The visibility made a helicopter rescue impossible and so the rescuers had to half walk, half drag the young men down to Central Crater to get them out of the wind, then walked them further down the mountain to below the cloud cover…


[Former police senior constable Cliff] Jones estimated the temperature on the ridge was well below zero. He said if help had not arrived, they would have died and it was touch and go whether they could even get the young men walking again and off the mountain before dark.

“This is one of the closest I have seen for a long time.

“These people haven’t got the relevant experience or possibly the relevant training to be carrying out what they’re doing.

“Somebody needs to be taken to account. They bloody near caused the death of two boys there yesterday.”

This incident has also been covered by Stuff. Unfortunately with the educational institute (Te Wananga o Aotearoa) not saying much except that they’re running an investigation, media coverage seems to have been relatively minimal.

Nobody died, thankfully, and thus the coroner’s not involved, so there’s no guarantee that results from that investigation will ever be released in a public way. There’s also no guarantee that it’ll even be an appropriately run investigation for adequately assessing what happened and what needs addressing. Hopefully we’ll see the institution pressed for answers in due course.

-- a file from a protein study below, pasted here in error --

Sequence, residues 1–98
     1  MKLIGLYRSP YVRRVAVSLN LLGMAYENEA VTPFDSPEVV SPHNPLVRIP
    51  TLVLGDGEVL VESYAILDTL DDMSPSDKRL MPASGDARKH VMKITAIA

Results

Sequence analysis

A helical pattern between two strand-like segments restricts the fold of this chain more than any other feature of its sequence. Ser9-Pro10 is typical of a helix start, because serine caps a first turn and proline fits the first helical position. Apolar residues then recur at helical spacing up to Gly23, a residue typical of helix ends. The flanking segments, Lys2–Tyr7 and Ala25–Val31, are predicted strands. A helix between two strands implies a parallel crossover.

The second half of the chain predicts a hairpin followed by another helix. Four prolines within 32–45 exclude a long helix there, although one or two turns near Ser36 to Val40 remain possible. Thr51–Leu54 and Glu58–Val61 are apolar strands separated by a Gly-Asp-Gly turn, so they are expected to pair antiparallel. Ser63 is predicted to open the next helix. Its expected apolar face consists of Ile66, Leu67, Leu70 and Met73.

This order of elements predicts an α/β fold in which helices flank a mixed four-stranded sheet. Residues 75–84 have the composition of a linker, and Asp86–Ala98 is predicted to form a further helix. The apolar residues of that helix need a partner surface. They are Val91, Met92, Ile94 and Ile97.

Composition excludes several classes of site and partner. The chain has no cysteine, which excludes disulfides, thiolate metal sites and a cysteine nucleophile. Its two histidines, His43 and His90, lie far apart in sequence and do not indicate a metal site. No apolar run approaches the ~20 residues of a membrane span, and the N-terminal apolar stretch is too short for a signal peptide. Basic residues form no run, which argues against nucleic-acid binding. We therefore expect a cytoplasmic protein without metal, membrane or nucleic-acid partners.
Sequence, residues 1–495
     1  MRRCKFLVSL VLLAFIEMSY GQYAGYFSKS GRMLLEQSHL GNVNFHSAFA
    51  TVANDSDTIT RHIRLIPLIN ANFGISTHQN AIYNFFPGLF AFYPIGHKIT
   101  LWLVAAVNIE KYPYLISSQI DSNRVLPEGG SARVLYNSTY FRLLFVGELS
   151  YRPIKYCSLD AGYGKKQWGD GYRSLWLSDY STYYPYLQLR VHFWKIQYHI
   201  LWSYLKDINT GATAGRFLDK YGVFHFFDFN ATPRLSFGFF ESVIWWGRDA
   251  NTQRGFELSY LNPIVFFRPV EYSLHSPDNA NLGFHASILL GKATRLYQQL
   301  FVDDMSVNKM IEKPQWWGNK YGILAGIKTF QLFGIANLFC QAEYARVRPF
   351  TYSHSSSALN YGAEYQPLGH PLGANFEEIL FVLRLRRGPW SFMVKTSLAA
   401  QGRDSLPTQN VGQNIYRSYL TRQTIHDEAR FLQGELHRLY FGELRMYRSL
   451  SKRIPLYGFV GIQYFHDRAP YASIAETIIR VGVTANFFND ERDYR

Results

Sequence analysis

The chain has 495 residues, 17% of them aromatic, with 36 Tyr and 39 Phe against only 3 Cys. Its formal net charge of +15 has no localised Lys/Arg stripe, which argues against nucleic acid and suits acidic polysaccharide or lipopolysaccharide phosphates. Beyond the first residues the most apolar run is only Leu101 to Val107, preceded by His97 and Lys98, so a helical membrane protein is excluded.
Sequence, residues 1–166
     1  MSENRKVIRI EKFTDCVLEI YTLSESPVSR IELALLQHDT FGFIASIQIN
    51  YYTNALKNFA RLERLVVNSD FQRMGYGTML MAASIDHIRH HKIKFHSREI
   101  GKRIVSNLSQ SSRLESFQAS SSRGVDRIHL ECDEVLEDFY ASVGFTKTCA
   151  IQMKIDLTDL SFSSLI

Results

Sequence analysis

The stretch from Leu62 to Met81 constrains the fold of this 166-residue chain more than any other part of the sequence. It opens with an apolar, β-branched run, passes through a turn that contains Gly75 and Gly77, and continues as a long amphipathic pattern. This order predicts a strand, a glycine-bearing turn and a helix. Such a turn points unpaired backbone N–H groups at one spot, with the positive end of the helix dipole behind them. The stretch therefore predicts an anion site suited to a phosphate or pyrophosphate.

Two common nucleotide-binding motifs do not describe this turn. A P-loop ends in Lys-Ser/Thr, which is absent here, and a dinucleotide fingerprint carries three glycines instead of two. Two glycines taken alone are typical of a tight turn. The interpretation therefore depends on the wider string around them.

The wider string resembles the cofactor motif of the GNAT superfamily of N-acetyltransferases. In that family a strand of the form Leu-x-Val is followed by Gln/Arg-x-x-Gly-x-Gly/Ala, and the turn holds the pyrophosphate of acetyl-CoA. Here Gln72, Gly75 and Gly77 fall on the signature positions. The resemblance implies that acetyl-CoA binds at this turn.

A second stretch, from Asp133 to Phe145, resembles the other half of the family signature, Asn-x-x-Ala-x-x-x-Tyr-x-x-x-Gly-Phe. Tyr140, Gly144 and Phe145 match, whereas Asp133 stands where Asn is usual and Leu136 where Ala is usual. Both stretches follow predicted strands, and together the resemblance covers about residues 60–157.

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Something to listen to

I’ve not yet read Laurence Fearnley’s Going Up Is Easy, but it’s on my reading list. It’s the biographical account of Lydia Bradey as the first woman to ascend Everest without oxygen, and the only New Zealander to do so.

Last Monday, Radio NZ began playing a 10 part audio adaptation of her story. It’s narrated by Lydia Bradey herself, and began playing on Monday as a daily part of Kathryn Ryan’s Nine to Noon programme. The episodes will show up here as they become available over the next two weeks.

Also of interest will be Kathryn Ryan’s interview with Lydia Bradey, from June 2015.